Beyond a Dream of Uncertainty

A few years ago, I wrote of a dream of uncertainty. Today I second this dream but also want something beyond it.

We live in a culture of takeaways. The quick “apply it right now” answer takes precedence over complications and open questions. So-called “scientific findings” (as presented on TED and elsewhere) are often tenuous, as the power pose example suggests. Science here is not at fault; the problem lies in the market for quick solutions (and everything feeding that market, from a gullible audience to an overhyped study).

Most of the time, both science and life  take time to figure out. Most of the time, any understanding, any progress, requires grappling with errors over many years.

On Andrew Gelman’s blog, Shravan Vasishth posted a terrific comment (worth reading in full) that concludes:

So, when I give my Ted talk, which I guess is imminent, I will deliver the following life-hacks:

1. If you want big changes in your life, you have to work really, really hard to make them happen, and remember you may fail so always have a plan B.
2. It’s all about the content, and it’s all about the preparation. Presence and charisma are nice to have, and by all means cultivate them, but remember that without content and real knowledge and understanding, these are just empty envelopes that may some fool people but won’t make you and better than you are now.

There was a reason that Zed Shaw wrote Learn Python the Hard Way and Learn C the Hard Way books. There is no easy way.

In this spirit, I continue to dream but do not only dream. I want a society that recognizes substance, that does not fall so easily for bad science. Along with that, I want more kindness, more willingness to see the good in others (while also engaging with them in vigorous debate). But to help bring that about, I need to continue my own studies, pushing up against my own challenges and errors. So let this be a year of study, challenge, substance, and goodwill.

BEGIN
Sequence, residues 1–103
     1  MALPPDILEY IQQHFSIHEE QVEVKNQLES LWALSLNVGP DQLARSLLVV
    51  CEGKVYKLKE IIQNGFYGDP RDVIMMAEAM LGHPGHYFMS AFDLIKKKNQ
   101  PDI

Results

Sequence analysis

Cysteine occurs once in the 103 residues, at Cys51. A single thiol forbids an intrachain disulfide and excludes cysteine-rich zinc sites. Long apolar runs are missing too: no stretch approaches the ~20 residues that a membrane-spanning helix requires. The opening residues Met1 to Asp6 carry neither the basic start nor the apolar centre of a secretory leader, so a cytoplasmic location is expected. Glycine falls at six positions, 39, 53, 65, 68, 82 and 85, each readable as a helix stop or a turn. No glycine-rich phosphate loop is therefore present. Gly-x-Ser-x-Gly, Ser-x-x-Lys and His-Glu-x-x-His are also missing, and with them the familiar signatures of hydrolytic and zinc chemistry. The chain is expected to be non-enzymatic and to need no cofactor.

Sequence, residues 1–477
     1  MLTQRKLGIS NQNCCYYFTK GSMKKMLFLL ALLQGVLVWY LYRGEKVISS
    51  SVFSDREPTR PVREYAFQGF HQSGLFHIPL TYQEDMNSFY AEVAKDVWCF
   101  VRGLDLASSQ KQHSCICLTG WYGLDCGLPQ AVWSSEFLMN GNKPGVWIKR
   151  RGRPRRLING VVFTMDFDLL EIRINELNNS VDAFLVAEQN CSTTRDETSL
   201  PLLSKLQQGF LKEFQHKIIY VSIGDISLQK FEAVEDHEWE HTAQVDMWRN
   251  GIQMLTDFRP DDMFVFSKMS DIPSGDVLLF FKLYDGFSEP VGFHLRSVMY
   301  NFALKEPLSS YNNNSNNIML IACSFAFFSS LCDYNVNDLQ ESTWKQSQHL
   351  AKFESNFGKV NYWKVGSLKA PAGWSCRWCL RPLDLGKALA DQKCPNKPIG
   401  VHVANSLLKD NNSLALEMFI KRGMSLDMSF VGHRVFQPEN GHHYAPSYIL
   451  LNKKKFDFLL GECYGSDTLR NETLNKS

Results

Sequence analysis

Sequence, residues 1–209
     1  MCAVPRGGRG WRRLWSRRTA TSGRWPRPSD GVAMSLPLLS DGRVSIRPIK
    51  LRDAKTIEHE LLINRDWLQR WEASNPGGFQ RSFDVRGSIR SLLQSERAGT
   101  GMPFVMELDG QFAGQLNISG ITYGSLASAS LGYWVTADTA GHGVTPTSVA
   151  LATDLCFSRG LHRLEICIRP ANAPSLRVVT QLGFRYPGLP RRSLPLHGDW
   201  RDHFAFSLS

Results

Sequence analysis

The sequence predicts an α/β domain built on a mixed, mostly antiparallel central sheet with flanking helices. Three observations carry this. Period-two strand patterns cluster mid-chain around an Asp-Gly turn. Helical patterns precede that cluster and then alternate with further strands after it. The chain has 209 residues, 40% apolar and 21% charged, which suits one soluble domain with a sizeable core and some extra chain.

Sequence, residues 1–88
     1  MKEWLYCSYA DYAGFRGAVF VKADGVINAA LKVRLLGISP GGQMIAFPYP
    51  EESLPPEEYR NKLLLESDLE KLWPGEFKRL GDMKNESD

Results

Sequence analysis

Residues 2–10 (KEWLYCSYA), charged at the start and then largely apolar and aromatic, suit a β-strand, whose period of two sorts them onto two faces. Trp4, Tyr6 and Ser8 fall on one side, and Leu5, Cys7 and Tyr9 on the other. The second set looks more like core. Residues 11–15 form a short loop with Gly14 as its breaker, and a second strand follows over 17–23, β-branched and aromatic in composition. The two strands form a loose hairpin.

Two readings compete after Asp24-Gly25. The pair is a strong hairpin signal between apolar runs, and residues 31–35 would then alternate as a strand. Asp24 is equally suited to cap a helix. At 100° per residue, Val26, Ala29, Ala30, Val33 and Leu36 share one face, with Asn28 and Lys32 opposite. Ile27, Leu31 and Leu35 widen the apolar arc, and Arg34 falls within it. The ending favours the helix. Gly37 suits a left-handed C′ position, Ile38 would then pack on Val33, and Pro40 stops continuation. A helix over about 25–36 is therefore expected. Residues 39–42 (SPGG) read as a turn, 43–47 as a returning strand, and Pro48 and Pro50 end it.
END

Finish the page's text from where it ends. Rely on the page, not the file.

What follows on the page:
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2 Comments

  1. The biggest thing we can do to create a more educated and skeptical and questioning society is to provide a better education (as professors in universities). Specifically, a statistical education should be a central component. I did a lot of calculus and linear algebra in high school, but barely any statistics. I could have learnt everything I know (almost) right there in classes 11 and 12. Even if one starts in university, it’s vital to provide a quality statistics education to as many people as possible.

    Reply
    • Thank you. I agree heartily about education and about statistics in particular. Statistics-lite will not do (yet it is prevalent). What I am starting to see (and did not see a decade ago) is the importance of statistics even to the humanities. Understanding what is known and not known–and the degree of certainty and uncertainty around research findings–can open up discussions in a range of fields. We’re in bad shape when people outside of the sciences either reject research wholesale (“How much can research tell us anyway”) or accept a study because it has been published and touted.

      Reply

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